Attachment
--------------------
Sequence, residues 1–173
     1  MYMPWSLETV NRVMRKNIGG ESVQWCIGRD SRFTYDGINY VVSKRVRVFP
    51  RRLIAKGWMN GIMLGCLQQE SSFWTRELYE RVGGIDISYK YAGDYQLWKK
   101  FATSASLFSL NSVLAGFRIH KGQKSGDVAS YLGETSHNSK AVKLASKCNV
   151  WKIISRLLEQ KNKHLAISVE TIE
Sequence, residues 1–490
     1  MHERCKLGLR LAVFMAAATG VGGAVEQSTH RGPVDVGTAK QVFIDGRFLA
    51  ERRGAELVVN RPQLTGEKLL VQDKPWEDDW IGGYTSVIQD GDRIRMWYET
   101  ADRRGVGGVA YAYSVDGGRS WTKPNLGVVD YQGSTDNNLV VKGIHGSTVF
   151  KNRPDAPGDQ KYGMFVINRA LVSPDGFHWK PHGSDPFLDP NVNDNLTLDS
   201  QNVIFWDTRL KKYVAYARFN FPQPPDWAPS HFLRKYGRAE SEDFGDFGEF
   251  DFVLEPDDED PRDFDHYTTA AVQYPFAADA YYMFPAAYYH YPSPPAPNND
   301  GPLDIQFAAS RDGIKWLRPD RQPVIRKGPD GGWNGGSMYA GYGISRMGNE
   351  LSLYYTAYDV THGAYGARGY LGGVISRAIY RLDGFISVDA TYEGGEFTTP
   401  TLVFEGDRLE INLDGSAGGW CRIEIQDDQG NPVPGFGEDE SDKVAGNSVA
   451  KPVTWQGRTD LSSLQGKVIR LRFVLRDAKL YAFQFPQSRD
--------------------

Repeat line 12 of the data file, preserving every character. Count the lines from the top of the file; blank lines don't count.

   251  DFVLEPDDED PRDFDHYTTA AVQYPFAADA YYMFPAAYYH YPSPPAPNND